Can preventing or managing stress lower my risk of stroke?
How you perceive a potentially stressful situation and how you respond to it, both emotionally and physically, determines how stress affects your health. It is impossible to completely avoid or eliminate stress in your life, and some stress is actually good for you, helping you to meet a challenging deadline or even avoid a falling object. It is the frequent or chronic stress that takes its toll on your health. This is why learning to cope with stress is more important than trying to prevent it altogether.
The strategies you use to manage your physical and behavioral response to stress—like exercising, relaxing, good nutrition, and not smoking—can have a lasting benefit on your overall health. A 7-year study of more than 20,000 adults (57% were women) found that those who adapted better to stressful events had a lower risk of stroke than those who had a harder time adapting, suggesting that the better you're able to manage your response to stress, the more your health will benefit.16
How can I manage my stress?
There are a variety of ways to reduce and manage your physical and emotional response to stress:
Identify your stressors—The first step in learning how best to manage your stress is to identify the major sources of stress in your life, when they tend to happen, and how you react to each stressor. You can try keeping a stress diary in which you write down situations where you've felt stressed, the circumstances leading to them, and how your responded.
Recognize stress you can control and can't control—Ask yourself if this is a stressor you can avoid, such as turning the TV news off if it's only making you anxious. If you're stressed about something out of your control, such as a natural disaster or an act of terrorism, change how you react to it by finding healthy and positive ways of coping with it physically and emotionally, including educating yourself about the current situation and making plans on what precautions you can take.
Exercise—Healthy exercise, such as walking, is the natural stress reliever; it reduces the amount of stress hormones that your body releases in response to stressful situations. Exercise can help you relax and improve your sleep, especially when done 3 to 6 hours before bedtime to allow your body enough time to cool down and relax.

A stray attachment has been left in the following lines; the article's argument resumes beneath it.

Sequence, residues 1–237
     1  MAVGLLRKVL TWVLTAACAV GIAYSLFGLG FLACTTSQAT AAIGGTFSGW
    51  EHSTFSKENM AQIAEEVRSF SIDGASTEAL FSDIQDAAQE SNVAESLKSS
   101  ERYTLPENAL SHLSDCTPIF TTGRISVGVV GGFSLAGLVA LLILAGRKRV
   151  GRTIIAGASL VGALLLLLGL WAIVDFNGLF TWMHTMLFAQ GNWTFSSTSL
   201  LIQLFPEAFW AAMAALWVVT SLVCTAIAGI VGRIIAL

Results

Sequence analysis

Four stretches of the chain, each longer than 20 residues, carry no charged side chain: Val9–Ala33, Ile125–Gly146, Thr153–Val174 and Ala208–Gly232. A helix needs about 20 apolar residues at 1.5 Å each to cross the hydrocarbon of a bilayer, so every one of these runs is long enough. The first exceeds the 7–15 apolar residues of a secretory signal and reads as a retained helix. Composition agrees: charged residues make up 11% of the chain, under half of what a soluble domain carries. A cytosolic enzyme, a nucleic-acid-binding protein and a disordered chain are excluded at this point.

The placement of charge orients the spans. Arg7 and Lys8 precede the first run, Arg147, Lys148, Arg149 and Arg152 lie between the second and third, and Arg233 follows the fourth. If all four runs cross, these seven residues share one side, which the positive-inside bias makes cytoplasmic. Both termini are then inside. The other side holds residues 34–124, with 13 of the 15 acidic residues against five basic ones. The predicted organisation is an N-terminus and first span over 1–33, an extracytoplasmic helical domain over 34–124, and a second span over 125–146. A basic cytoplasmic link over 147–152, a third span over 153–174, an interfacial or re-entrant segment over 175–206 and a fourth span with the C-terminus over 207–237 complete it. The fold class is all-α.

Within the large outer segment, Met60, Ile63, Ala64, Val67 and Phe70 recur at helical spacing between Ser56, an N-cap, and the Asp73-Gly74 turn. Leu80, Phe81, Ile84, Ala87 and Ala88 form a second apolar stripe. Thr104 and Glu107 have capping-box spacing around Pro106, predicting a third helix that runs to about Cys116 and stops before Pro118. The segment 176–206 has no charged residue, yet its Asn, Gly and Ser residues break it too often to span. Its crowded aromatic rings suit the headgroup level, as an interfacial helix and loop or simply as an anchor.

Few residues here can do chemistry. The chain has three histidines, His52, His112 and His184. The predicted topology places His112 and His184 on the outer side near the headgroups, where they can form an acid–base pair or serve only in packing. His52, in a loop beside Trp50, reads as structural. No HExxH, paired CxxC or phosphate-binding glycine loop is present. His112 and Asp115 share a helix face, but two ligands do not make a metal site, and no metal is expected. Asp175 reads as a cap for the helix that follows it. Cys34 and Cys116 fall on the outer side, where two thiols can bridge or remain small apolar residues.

Relaxation—Relaxation exercises involve the flexing and releasing of major muscle groups. Breathing exercises in which you consciously slow and deepen your breathing to help you relax also helps to reduce stress. Start by taking a deep breath and releasing it as you count to 10.
Sleep—You should try to get 6 to 8 hours of sleep a night. Lack of sleep can increase the level of stress hormones.
Healthy diet—Good nutrition can help you deal with the effects of stress.
Social support—Finding social support either from friends and family or through a support group can be helpful. People with good social support report less stress compared to those without a good support network.
Time to yourself—Women tend to put others before themselves. Remember to make some time for yourself, especially when you're feeling stressed, to relax and replenish energy. Learn to say "No," even if only to take enough time off for a long, hot bath.
Avoid unhealthy response to stress—Abusing alcohol, tobacco, or food doesn't help with stress; it only makes it worse.
Counseling—If you need further help dealing with stress, consider counseling (individually or in group therapy) to learn how to reduce your stress symptoms and improve your health.
For More Information
Medline Plus - Managing Stress
American Heart Association – How Can I Manage Stress?
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